Let us continue to reflect on our roles as healthcare professionals to be allies and advocates. It is our responsibility to introspect and examine how we are connected to systems of power, privilege, and oppression; to acknowledge how structural racism effects of peers, patients, and institutions; to challenge ourselves, our peers peers, our policies, and our systems when faced with systemic racism; and to take meaningful action with (not for!) frontline communities to achieve change. 

Jan 27 - International Holocaust Remembrance Day

International Holocaust Remembrance Day is an international memorial day that serves a reminder to the tragedy of the Holocaust that occurred during the Second World War. The Holocaust was a genocide that resulted in the deaths of millions of Jews and others by the Nazi regime and its collaborators. On January 27, 1945, Auschwitz-Birkenau, the largest Nazi concentration and death camp, was liberated by the Red Army.

Prior to the COVID-19 pandemic, the United States Holocaust Memorial Museum held events for this day. In the future, we recommend going to the USHMM since it is a worthwhile experience when visiting Washington, D.C. 

From Connie’s Library: Pachinko by Min Jin Lee

It gives me great pleasure to finally have a chance to recommend one of my all time favorite books.

This novel takes you on a whirlwind journey! It really felt like I was watching a telenovela or Korean drama. Pachinko is a cross between a pinball and a slot machine, and Min Jin Lee does an excellent job discussing the history of pachinko parlors and using it as a metaphor for the lives of the generations of one family in this novel.

During the second decade of the 20th century, as Korea falls under Japanese annexation, a young fisherman with a cleft palate, Hoonie, marries a local girl, Yangjin and they have a daughter named Sunja. Sunja grows up practically coddled by her parents in a rooming house by the sea in Yeong-do. After Sunja shamefully gives birth out of wedlock, she takes the offer to marry a pastor and move to Japan during the years before World War II to the late 1980s.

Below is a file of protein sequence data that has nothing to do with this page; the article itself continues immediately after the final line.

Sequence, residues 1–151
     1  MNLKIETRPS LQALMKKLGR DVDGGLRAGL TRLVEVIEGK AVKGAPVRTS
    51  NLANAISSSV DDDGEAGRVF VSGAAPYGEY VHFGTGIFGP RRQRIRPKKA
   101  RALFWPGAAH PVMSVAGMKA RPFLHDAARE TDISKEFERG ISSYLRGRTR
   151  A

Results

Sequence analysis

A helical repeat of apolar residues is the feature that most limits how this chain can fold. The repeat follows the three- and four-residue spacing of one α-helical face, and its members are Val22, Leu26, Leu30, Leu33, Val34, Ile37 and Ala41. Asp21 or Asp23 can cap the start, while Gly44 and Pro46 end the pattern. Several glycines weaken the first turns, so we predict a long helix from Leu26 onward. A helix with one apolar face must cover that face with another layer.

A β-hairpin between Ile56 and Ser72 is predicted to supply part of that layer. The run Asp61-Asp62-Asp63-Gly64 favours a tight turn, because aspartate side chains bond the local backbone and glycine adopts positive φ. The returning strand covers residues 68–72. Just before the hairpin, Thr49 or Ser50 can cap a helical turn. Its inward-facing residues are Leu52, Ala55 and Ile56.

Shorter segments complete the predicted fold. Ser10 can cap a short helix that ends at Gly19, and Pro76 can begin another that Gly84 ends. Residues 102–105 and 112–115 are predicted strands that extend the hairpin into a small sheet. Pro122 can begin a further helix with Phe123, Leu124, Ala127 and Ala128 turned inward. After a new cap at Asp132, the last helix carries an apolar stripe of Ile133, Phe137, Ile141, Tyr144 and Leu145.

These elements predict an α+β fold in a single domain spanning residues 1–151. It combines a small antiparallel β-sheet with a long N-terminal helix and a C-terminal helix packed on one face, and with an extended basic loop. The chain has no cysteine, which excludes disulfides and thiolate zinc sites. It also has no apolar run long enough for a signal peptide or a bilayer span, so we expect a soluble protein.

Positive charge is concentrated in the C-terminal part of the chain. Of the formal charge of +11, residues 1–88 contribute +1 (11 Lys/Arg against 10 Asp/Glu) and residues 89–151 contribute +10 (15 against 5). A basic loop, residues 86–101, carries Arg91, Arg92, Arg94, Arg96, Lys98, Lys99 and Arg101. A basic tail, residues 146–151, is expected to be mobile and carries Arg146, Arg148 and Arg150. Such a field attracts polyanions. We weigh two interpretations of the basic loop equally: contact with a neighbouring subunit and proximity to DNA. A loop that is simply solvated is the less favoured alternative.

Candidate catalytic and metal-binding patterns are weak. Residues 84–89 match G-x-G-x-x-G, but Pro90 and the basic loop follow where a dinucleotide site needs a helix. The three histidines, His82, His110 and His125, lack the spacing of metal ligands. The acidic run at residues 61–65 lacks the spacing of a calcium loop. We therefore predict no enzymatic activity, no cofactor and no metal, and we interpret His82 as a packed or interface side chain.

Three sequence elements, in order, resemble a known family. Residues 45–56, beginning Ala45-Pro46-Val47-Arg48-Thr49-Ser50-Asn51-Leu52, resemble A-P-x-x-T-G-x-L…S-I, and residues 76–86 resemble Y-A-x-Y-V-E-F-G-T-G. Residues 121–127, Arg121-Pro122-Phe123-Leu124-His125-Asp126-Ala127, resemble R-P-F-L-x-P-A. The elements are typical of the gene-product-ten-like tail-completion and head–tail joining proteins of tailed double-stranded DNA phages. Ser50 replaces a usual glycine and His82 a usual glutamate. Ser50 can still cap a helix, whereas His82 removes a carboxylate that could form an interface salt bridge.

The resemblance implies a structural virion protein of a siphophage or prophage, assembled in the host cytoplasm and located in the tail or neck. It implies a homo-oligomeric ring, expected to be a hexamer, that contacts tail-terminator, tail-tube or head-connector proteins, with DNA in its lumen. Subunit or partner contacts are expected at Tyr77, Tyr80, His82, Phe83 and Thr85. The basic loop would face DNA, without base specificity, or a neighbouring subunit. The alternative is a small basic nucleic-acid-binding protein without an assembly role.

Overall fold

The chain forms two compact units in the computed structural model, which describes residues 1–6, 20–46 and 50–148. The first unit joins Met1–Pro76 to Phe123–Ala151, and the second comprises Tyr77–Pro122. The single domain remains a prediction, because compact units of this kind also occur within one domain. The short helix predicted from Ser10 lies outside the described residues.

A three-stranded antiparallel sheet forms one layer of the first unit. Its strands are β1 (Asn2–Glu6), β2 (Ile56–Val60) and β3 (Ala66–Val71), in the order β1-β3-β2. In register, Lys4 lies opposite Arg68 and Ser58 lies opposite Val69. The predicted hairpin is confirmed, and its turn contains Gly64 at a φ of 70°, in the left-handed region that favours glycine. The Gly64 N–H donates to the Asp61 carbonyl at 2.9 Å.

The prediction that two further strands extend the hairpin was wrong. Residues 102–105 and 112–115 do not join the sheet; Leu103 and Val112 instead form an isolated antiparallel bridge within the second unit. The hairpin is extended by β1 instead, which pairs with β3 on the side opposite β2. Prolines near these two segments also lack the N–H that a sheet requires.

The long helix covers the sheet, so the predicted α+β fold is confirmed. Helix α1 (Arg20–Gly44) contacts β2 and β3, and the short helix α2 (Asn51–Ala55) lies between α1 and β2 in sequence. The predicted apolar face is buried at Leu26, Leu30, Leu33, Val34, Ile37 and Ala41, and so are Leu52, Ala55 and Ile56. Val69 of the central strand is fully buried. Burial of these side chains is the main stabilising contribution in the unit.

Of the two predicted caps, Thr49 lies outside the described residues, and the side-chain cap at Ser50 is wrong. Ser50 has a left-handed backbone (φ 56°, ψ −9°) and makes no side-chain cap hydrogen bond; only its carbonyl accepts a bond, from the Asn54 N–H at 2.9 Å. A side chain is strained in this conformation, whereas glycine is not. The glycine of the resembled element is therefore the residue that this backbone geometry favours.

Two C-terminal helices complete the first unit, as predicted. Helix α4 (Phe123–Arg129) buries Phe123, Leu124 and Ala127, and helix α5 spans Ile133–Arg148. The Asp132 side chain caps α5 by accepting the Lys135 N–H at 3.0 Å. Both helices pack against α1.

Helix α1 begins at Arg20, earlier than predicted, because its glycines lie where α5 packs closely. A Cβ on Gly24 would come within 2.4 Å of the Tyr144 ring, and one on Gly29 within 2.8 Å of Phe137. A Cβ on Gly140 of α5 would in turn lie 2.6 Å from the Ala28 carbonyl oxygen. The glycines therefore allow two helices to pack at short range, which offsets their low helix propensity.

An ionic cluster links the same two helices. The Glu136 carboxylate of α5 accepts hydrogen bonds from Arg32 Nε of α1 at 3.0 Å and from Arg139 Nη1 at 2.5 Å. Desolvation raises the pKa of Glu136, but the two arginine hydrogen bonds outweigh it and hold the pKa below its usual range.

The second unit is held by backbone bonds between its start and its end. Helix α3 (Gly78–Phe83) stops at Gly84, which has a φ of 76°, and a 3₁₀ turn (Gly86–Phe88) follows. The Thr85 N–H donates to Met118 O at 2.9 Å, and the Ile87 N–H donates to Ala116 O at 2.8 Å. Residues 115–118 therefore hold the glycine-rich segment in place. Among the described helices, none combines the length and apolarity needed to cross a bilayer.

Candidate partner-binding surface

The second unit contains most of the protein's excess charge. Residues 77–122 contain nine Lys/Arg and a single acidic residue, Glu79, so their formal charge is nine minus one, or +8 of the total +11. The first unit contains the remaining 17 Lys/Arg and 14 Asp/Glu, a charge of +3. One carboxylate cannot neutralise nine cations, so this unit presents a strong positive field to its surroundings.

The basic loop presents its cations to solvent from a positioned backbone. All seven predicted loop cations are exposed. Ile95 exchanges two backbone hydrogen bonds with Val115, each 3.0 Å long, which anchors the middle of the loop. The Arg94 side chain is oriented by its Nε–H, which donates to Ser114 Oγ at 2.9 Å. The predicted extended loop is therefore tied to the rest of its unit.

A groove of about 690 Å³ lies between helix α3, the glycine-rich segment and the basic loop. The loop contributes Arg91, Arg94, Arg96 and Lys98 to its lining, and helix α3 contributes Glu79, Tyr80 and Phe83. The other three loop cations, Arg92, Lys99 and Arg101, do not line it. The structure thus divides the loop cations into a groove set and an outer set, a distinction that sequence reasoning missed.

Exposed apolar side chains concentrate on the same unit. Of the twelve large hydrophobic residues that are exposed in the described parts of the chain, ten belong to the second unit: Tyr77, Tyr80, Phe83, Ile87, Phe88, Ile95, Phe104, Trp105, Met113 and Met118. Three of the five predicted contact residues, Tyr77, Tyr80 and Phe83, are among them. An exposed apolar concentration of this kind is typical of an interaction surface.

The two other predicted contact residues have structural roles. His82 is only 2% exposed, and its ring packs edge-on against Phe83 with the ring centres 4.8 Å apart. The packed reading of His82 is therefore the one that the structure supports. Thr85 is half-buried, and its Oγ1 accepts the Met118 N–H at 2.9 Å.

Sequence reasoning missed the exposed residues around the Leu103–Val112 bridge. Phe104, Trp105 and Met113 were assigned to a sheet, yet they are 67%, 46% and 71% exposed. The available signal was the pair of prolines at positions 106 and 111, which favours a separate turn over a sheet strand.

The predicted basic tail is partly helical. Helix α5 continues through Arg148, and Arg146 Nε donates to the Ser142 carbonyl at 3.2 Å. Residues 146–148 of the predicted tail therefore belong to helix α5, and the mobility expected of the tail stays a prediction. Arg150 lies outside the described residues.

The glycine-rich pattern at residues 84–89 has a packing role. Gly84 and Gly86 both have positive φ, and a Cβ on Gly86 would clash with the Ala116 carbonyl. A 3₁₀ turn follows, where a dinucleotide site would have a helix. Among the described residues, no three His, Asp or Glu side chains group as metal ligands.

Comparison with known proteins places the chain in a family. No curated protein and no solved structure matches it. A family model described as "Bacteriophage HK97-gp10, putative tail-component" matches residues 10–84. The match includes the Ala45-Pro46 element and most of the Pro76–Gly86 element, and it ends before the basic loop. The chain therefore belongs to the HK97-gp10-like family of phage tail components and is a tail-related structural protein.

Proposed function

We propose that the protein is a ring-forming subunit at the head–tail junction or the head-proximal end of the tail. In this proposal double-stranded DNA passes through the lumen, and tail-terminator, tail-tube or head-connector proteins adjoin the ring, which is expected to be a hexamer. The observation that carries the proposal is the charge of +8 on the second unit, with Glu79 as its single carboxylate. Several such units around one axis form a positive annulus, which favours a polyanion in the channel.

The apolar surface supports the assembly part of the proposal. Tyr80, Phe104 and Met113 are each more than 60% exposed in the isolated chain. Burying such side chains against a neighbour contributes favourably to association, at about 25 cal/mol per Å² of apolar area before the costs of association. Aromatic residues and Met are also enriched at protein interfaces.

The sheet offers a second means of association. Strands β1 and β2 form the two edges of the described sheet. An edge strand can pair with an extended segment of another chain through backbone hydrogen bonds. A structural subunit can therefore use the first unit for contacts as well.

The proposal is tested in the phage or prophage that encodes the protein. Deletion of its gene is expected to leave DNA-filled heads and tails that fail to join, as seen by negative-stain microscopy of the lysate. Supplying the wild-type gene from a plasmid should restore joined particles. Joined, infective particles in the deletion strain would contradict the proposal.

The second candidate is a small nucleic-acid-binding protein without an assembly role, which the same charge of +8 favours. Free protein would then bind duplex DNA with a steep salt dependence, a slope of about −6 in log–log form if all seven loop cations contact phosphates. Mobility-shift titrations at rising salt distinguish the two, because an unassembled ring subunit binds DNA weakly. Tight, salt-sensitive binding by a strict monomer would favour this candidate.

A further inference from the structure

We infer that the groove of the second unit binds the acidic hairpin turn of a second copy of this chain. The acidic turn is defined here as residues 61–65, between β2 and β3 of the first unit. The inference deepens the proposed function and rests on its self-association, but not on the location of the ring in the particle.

It was not until this book that I had learned about Korean-Japanese history and culture. The themes that really interested me about this novel were motherhood/strong female characters, self identity, and minorities and the politically disenfranchised.

I won’t try to spoil anything else. Please give this a read!

Statement from SNMA / LMSA

The SOM CWRU joint chapters of the Student National Medical Association and the Latino Medical Student Association (SNMA/LMSA) are student groups designed to unify and support Black, Latinx, and underrepresented medical students (URMs) at all levels.

Our goals include advocating for minority medical students and their needs, recruiting minority applicants, providing services in support of URM success, such as longitudinal mentorship programs and outreach, and fostering a strong sense of community and belonging. Members of SNMA/LMSA also push forth several diversity initiatives designed to develop equity, representation, and inclusion within medical school education at CWRU.
In light of recent events, we want to offer support for any student who feels distressed by the attempt to overtake the Capitol and delegitimize our election. We denounce the white nationalist attacks that took place and believe that blatant displays of hatred and racism that were displayed contradict every value we as future healthcare providers should uphold. There is no “moving on” from this without accountability for those responsible. We would encourage everyone to either reach out to us, other members of SNMA/LMSA, your Society Deans and any other support system in your lives for resources, accommodations, mental health services, and general good vibes should you need them to navigate these tumultuous times.

We are here to support our students of color. We hear you, We see you. And we believe that together we will get through this.
Yours in SNMA/LMSA,
Larissa De Souza, Co-President Class of 2024 (lmd119@case.edu)
Megan Sharpe, Co-President Class of 2024 (mxs1652@case.edu)


Mental Health Resources.


Frontline Fatigue

Asian Mental Health Collective

Melanin and Mental Health

Depressed While Black

Heads Up Men

The Trevor Lifeline

National Suicide Prevention Lifeline


Mental Health Blogs:

The Mighty

The OCD Stories

Love and Life Toolbox

University Health and Counseling Services

Support Groups and Services

Group Therapy

Mindfulness Hour

Guided Relaxation Exercises

Breathing Exercises:



Nadi Shodhan Pranayama



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Diversity Affairs Page
Contact Your Diversity Affairs Reps

Connie Cheng (PA)

Penelope Halkiadakis (SOM-UP)

Helena Baffoe-Bonnie (SOM-CCLCM)

Erica Chambers (SODM)

Alyssa Cornejo (SODM)

Nettie Durham (SODM)